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The Longest Yard
2/5
R E V I E W   B Y   R I C H   C L I N E dir Peter Segal
scr Sheldon Turner
with Adam Sandler, Chris Rock, Burt Reynolds, James Cromwell, William Fichtner, Cloris Leachman, Nelly, David Patrick Kelly, Bob Sapp,Terry Crews, Nicholas Turturro, Courteney Cox
release US 27.May.05, UK 9.Sep.05
05/US Paramount-Columbia 1h53

Stunt casting: Reynolds, Rock and Sandler

cromwell fichtner leachman

See also: MEAN MACHINE

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The Longest Yard It can't be that difficult to brainstorm an idea for an Adam Sandler movie. Honestly. So quite why they felt the urge to remake this 1974 prison football romp is anyone's guess (the last version was 2001's awful Mean Machine). The result is almost watchable, but completely unnecessary.

Paul (Sandler) is a disgraced American football player sentenced to three years in a Texas prison, where the warden (Cromwell) indulges in a football obsession and coerces Paul to put together a team of inmates to play against his guards, who are all former players themselves. But Paul is a more formidable opponent than expected, working with the cell-block go-getter (Rock), another former pro (Reynolds) and a tough, rag-tag team to hit the warden where it hurts.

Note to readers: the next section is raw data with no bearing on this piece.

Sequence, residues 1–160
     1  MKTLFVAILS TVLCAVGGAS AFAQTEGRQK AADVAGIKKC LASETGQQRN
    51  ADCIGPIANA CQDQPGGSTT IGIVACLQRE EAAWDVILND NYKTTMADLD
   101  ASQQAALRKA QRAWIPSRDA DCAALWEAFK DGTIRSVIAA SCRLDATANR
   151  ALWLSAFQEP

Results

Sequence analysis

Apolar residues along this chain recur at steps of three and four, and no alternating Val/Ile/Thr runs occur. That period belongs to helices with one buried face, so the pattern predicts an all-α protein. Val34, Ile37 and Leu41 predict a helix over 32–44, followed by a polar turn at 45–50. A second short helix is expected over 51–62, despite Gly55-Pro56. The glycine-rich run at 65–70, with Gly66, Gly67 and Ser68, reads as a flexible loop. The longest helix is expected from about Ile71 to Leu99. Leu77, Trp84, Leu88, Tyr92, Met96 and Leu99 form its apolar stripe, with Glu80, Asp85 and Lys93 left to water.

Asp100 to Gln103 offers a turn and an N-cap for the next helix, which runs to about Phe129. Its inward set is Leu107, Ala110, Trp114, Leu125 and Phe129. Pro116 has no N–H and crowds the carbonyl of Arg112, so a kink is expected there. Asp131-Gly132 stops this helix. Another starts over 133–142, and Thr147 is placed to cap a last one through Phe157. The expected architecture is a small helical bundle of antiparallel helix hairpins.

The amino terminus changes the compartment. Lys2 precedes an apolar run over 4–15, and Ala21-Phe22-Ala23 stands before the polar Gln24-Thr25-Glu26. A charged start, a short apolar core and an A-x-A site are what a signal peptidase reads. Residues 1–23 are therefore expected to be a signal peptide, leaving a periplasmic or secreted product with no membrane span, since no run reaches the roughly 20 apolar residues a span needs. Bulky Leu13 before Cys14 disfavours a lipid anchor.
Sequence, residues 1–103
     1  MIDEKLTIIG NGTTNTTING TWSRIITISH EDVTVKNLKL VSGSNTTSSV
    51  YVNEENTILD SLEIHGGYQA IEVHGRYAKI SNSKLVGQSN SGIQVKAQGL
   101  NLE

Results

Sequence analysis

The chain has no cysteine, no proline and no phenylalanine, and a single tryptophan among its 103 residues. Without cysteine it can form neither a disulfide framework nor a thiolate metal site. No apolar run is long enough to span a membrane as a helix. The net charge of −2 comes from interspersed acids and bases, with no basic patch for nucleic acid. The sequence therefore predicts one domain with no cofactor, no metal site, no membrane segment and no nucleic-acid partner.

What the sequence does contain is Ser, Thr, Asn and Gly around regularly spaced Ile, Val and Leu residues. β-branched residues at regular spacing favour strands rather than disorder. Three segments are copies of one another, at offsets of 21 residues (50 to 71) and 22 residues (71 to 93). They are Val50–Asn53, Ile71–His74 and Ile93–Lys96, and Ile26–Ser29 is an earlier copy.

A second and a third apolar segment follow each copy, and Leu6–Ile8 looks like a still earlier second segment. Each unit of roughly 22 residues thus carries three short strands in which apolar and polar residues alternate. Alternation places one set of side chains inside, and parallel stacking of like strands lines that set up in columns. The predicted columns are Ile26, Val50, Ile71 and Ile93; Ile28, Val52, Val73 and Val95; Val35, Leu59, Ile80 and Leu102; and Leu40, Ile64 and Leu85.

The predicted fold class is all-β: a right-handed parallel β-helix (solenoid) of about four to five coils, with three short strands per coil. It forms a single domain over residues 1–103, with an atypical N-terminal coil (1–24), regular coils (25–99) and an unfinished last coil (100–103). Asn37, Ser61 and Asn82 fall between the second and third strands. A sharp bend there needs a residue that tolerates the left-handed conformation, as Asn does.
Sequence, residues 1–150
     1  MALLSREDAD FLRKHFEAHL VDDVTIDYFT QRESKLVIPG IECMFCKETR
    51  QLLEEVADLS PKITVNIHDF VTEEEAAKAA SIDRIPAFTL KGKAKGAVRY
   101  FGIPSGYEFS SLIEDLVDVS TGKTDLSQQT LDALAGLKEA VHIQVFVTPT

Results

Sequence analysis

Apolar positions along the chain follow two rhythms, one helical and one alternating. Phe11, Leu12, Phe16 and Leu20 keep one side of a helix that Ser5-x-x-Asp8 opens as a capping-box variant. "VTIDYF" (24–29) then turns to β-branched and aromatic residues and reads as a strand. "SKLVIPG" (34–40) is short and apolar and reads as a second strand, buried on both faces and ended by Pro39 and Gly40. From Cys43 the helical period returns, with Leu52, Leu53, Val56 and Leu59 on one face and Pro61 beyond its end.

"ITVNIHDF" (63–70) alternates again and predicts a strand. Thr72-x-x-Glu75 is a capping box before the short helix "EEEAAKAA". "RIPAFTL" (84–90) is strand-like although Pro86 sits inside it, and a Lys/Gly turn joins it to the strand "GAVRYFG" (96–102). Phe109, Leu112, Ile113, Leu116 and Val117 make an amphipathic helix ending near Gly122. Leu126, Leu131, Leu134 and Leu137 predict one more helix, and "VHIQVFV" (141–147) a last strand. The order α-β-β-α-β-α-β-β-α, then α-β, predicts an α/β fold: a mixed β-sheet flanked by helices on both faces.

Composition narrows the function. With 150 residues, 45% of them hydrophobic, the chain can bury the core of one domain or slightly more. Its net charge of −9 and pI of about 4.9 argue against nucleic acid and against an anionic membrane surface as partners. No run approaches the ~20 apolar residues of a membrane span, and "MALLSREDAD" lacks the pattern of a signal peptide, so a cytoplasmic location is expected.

The cast is fine; they're not the problem. They dive in and play it relatively straight, which is a relief since the dialog and situations are all so ludicrous. Sandler doesn't have much to do--anyone could play this role. Rock's character is just as bland, livened up only by his improvised riffs and some strong (underused) chemistry with Sandler. The characters are all stereotypes with nowhere to go. And most of them are cliches the actors have performed before. Only Leachman seems to have any fun, in the slutty secretary role.

Segal at least directs it competently--the film looks fine, but he never even tries to make something out of this thin material. In fact, he indulges in a nasty stream of sexist and homophobic humour that's ignorant, thuggish and extremely offensive. And the story structure won't help its prospects outside America; about half of the running time is taken up with the climactic football game. If you know the rules, then there are lots of clever twists and jokes--easily the most inventive thing about the film. But the 95 percent of the planet that doesn't play American football won't get any of this; they'll be inflicted with almost an hour of head-bashing chaos, an indulgence in any film, and a clear sign that there's absolutely nothing here at all.

cert 12 themes, language, violence, innuendo 27.Jul.05

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2005 by Rich Cline, Shadows on the Wall
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